There is an increasing number of government and industry policies supporting alternatives assessment. Examples include: (1) the California Safer Consumer Products regulation that will require firms to undertake comprehensive alternative assessments for chemicals of concern in specific product uses,11 and (2) the European Union's Registration, Evaluation, and Authorization of Chemicals (REACH) regulation that requires an analysis of alternatives for firms seeking authorisation for continued use of Substances of Very High Concern.12 While the US EPA has encouraged alternatives assessment and safer chemistry through its voluntary Safer Choice programme, it remains to be seen whether the new premarket testing, assessment and risk management provisions under the revised Toxic Substances Control Act will provide a regulatory impetus for such activities. A review of existing regulatory mandates for alternatives assessment found that given the variety of contexts in which substitution decisions are made, overly detailed requirements and high standards of evidence can stymie the action orientation of alternatives assessment, leading to the paralysis by analysis that is often the case in risk assessment.2 In addition, alternatives assessment requirements need to be married with carefully designed incentives and disincentives as well as research funding that support the innovation in and adoption of safer chemistries. A recent report conducted for the European Chemicals Agency found that while mandates under REACH and other European legislation are important drivers for substitution, these have to be connected with adequate government resources, innovation support to firms, and education of government and industry professionals.13

The public and environmental health research, policy and practice communities have a critical role and responsibility to play in shaping the field of alternatives assessment by engaging in the development of policies, scientific methods, and practice that advance the thoughtful, effective assessment and adoption of safer chemistries. For example, given the speed with which decisions regarding substitutes often need to be made in industry, there is a critical need for improved rapid screening methods focused on adverse outcome pathways leading to pathophysiology that translates data from multiple types of toxicity testing into actionable data sets that can be useful for decisions on chemical design and application. Hence, the science and tools underlying the study of problems—rapidly characterising chemical hazards and exposures—will still play an essential role in evaluating solutions.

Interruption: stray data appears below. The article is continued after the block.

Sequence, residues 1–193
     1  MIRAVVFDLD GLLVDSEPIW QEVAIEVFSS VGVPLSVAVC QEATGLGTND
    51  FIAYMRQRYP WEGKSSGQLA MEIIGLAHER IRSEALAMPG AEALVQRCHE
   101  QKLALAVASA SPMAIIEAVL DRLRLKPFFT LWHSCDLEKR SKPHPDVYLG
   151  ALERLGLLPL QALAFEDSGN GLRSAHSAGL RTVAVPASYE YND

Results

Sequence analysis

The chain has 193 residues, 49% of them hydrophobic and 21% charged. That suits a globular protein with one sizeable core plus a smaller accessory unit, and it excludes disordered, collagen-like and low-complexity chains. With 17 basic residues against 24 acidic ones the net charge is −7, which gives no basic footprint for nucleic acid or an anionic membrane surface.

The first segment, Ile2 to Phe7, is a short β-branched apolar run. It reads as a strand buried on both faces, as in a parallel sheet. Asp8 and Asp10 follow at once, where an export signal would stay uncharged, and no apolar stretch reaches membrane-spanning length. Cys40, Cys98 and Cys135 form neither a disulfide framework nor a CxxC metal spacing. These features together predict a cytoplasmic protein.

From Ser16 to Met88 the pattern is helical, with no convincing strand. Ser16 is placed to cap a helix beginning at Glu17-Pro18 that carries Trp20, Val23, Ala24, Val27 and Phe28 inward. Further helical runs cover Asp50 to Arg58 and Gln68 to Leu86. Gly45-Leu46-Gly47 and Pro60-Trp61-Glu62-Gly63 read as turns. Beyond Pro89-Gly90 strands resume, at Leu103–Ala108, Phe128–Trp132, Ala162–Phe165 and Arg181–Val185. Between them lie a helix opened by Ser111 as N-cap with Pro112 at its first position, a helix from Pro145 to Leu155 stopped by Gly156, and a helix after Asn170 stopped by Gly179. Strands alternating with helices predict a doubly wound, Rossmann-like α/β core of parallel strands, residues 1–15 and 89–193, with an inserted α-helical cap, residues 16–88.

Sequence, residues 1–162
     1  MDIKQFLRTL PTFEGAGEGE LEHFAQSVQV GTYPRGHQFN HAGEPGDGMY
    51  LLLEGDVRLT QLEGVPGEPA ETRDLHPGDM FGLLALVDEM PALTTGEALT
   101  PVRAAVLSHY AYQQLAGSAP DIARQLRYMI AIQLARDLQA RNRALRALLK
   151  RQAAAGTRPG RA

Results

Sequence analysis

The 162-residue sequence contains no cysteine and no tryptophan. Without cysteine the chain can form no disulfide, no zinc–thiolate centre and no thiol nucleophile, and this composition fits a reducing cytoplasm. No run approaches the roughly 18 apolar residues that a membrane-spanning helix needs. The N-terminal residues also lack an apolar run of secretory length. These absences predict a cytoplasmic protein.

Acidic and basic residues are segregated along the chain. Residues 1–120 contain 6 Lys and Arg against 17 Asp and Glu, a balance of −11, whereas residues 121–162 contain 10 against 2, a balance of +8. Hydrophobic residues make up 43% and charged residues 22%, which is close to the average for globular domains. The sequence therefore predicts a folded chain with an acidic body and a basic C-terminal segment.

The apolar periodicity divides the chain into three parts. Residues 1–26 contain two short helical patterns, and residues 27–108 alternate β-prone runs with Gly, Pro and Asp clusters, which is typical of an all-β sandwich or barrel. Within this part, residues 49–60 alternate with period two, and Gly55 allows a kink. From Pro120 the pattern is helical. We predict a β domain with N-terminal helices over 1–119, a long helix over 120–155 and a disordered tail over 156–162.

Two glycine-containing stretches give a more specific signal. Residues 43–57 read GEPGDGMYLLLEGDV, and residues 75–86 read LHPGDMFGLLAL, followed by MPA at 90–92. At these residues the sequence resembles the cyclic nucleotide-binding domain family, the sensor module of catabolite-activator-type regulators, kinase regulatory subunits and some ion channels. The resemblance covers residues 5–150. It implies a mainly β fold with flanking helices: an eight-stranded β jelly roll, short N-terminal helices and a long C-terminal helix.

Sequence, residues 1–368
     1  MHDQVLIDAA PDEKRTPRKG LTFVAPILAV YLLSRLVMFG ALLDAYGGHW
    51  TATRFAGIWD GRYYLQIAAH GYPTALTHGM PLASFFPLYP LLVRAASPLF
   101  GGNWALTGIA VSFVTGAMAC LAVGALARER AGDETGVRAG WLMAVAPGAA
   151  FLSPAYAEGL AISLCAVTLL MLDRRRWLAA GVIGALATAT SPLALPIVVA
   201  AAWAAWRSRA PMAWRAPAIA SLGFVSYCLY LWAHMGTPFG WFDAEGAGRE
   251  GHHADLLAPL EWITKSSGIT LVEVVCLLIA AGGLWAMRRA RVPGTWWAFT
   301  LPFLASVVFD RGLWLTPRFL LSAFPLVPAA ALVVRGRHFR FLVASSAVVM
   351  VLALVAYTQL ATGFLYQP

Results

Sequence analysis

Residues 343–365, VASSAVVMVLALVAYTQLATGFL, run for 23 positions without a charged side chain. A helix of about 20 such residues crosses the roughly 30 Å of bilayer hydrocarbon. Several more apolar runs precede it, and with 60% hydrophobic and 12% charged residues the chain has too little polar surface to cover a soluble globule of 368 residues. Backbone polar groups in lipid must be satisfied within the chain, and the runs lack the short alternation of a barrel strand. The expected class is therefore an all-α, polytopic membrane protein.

Nonetheless, this work cannot effectively advance in a vacuum. There is an important need to interface and collaborate with scientists who are researching and designing the chemicals and products of tomorrow—chemists and chemical/material engineers. Together, these communities can be a powerful voice for research, smart policy and investment, and action on safer chemistry that can overcome current systemic challenges to this field. We foresee a time when all public health scientists, chemists and chemical engineers are trained in the thought processes and specific practices that underpin alternatives assessment. Through these interdisciplinary collaborations, such as those undertaken by the non-profit Beyond Benign and the American Institute of Chemical Engineers, we can use our evolving knowledge about how chemical exposures may lead to health impacts to help inform environmentally conscious design criteria and curriculum for undergraduate and graduate chemistry and chemical engineering programmes. This will require changes in education and professional training as well as expanded collaborations and thinking. This evolution is critical to reaching our common goal of improving health with the innovation benefits of safer chemicals and products.

References

Footnotes

  • Competing interests None declared.

  • Provenance and peer review Commissioned; externally peer reviewed.